Bumper crop for pumpkin fest

FESTIVAL: Eliza Entwisle, aged two from Pontefract, among the pumpkins at Farmer Copleys.
FESTIVAL: Eliza Entwisle, aged two from Pontefract, among the pumpkins at Farmer Copleys.

Farmer Copleys is gearing up for its annual pumpkin festival on a grand scale.

More than 120,000 pumpkins have been planted this season ahead of the festival in Featherstone next month.

Farmer Robert Copley has created the largest pumpkin festival in the United Kingdom over the last seven years. A spokesman for the farm said: “Robert has planted over 120,000 pumpkins this season, across a range of varieties. The result is a rainbow of pumpkins and despite the recent heatwave, they seem to be growing bigger than ever.

“Robert grows thousands of the traditional round orange pumpkins that we are familiar with which are fabulous fun to carve. You can then make a gorgeous pumpkin soup with the flesh. Over the years Robert has discovered and sourced seeds from an array of pumpkins, then some squash and gourds meaning his fields are dotted with thousands of pumpkins of all shapes, colours and sizes waiting to be picked.”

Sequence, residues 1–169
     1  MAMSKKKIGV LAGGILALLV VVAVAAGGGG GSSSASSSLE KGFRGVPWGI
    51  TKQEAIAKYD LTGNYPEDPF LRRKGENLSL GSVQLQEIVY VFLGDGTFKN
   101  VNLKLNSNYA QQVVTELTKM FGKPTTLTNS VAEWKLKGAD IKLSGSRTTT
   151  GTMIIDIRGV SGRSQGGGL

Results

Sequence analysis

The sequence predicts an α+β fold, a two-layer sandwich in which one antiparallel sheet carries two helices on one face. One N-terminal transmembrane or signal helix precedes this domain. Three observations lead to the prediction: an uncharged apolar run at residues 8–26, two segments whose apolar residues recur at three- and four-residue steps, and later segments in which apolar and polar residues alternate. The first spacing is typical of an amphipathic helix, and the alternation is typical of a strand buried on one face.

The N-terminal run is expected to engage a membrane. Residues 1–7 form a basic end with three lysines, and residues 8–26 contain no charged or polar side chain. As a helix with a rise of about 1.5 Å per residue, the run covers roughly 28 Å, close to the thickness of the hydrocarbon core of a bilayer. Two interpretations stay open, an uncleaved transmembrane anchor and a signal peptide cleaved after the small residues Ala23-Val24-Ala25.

The festival will take place at Ravensknowle Farm on Pontefract Road from October 6 to 31. Attractions include storytelling, tractor and trailer rides, pumpkin carving tents, professional pumpkin carvers, fancy dress parade, magicians, face painting, bucking pumpkin and pumpkin skittles.

Staff will also be dressed up as pumpkins, scarecrows or friendly witches. The pumpkin theme will also be continued in the shop and cafe.

Mr Copley’s idea started with farming research trips to the USA.

But the spokesman added: “Most people think that the pumpkin carving stems from the United States. It goes back further and started in the UK and Europe. When the pilgrims left for America, they celebrated by carving potatoes and turnips. Upon arrival to the States the native Americans introduced them to the pumpkin which is thought to have saved many from starvation as pumpkins cut and stored will keep over winter. After a harvest, with no potatoes or turnips, they carved the pumpkin which they discovered was much easier, bigger and more impressive. Thus, the American phenomenon is actually coming back to its roots, and making a massive difference to the Autumn season here.”

There is no admission fee and many the activities are free of charge.